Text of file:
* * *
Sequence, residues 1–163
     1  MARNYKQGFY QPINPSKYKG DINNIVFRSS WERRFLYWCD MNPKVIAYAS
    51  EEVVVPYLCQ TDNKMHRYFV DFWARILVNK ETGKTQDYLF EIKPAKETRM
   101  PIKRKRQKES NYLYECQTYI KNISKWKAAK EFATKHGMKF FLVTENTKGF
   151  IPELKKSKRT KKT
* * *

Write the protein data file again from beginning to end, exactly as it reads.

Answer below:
Sequence, residues 1–163
     1  MARNYKQGFY QPINPSKYKG DINNIVFRSS WERRFLYWCD MNPKVIAYAS
    51  EEVVVPYLCQ TDNKMHRYFV DFWARILVNK ETGKTQDYLF EIKPAKETRM
   101  PIKRKRQKES NYLYECQTYI KNISKWKAAK EFATKHGMKF FLVTENTKGF
   151  IPELKKSKRT KKT